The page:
Triethyl phosphate (TEP) is an organophosphorus compound used as a simulant for highly toxic nerve agents such as sarin GB. A high temperature decomposition pathway during TEP pyrolysis has been proposed previously and takes place via seven concerted elimination reactions. A computational study to investigate the kinetics of these seven reactions was carried out at the CBS-QB3 level of theory. The transition state optimization was done at the B3LYP/6-311G(2d,d,p) theory level, and CanTherm was used to derive the Arrhenius coefficients. The pre-exponential factors of the rate constant of these reactions were found to be up to 50 times lower than the estimated values from the literature. In addition, kinetics of reaction of the trioxidophosphorus radical (PO3) with H2 (H2 + PO3 → HOPO2 + H), which is one of the important reactions in predicting CO formation during TEP decomposition, was also investigated computationally at the same theory level. The new kinetic parameters derived from the computational study were used with the TEP kinetic model proposed recently by our group. In addition, an alternative decomposition pathway for TEP decomposition via H-abstraction, radical decomposition, and recombination reactions was added. The proposed mechanism was validated with the literature's experimental data, that is, intermediate CO time-history data from pyrolysis and oxidation experiments and ignition delay times. Fairly good agreement with experiments was obtained for pyrolysis and oxidation CO yield within 1200-1700 K. The model was able to predict the ignition times of the rich TEP mixture (? = 2) within 25% of the experimental results, while the discrepancies for stoichiometric and rich mixtures were larger. Discussions on results of sensitivity and reaction pathway analysis are presented to identify the important phosphorus reactions and to understand the effect of addition of the alternative TEP decomposition pathway.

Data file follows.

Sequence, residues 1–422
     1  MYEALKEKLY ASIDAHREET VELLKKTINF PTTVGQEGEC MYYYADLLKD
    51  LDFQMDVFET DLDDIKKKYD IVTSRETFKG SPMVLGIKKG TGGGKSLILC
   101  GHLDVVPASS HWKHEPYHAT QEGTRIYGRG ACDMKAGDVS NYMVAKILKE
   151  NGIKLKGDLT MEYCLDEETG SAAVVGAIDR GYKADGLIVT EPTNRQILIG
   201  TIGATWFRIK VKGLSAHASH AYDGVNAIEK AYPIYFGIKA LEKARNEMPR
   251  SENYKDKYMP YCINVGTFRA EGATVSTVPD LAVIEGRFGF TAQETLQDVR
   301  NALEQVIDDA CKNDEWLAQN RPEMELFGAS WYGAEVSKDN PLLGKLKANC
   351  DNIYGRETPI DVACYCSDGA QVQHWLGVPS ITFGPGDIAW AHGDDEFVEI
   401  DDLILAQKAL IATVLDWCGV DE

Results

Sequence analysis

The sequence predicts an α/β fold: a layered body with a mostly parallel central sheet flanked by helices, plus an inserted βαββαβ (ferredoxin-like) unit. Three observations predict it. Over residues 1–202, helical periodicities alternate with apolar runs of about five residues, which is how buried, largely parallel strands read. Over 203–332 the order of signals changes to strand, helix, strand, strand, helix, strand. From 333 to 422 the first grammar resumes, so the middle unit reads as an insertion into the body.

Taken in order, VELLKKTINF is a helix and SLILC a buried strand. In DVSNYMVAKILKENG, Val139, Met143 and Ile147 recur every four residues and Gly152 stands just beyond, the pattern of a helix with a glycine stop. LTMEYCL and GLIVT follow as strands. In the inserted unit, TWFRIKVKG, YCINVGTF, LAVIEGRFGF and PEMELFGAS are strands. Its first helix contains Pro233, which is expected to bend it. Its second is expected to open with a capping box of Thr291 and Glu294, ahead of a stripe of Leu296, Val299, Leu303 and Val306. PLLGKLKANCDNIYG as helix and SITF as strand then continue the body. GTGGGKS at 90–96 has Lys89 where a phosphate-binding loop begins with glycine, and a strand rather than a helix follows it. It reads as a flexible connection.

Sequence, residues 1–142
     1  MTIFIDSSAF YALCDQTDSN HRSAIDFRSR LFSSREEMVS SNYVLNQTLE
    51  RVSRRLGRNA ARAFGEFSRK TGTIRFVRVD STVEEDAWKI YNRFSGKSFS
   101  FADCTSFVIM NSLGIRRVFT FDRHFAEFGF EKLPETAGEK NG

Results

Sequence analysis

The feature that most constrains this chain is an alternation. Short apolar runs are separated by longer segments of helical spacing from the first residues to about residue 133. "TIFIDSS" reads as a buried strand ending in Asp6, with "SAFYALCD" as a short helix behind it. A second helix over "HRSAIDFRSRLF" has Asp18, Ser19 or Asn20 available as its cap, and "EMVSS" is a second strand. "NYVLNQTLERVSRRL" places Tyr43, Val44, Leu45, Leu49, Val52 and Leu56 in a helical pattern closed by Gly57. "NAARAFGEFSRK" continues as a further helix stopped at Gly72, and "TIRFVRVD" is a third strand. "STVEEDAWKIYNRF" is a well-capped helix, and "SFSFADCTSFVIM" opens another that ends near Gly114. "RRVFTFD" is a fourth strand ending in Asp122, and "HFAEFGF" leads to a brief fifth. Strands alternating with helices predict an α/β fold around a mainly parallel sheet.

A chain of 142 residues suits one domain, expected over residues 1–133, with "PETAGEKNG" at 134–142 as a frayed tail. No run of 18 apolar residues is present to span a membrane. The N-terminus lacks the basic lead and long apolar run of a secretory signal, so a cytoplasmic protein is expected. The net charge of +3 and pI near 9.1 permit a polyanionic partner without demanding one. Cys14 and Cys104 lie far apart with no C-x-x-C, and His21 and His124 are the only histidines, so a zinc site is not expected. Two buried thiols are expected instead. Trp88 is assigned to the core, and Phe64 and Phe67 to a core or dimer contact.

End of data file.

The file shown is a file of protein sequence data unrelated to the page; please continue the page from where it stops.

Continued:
Bibliographical noteKAUST Repository Item: Exported on 2022-06-10
Acknowledgements: The project or effort depicted was sponsored by the Department of Defense, Defense Threat Reduction Agency (grant number: HDTRA1-16-1-0009). The content of the information does not necessarily reflect the position or the policy of the federal government, and no official endorsement should be inferred. We would also like to acknowledge Dr. William J. Pitz (LLNL) and Prof. Mani Sarathy (KAUST) for providing valuable insights regarding addition of the H-abstraction pathway to the TEP submechanism.
This publication acknowledges KAUST support, but has no KAUST affiliated authors.
ASJC Scopus subject areas
- Physical and Theoretical Chemistry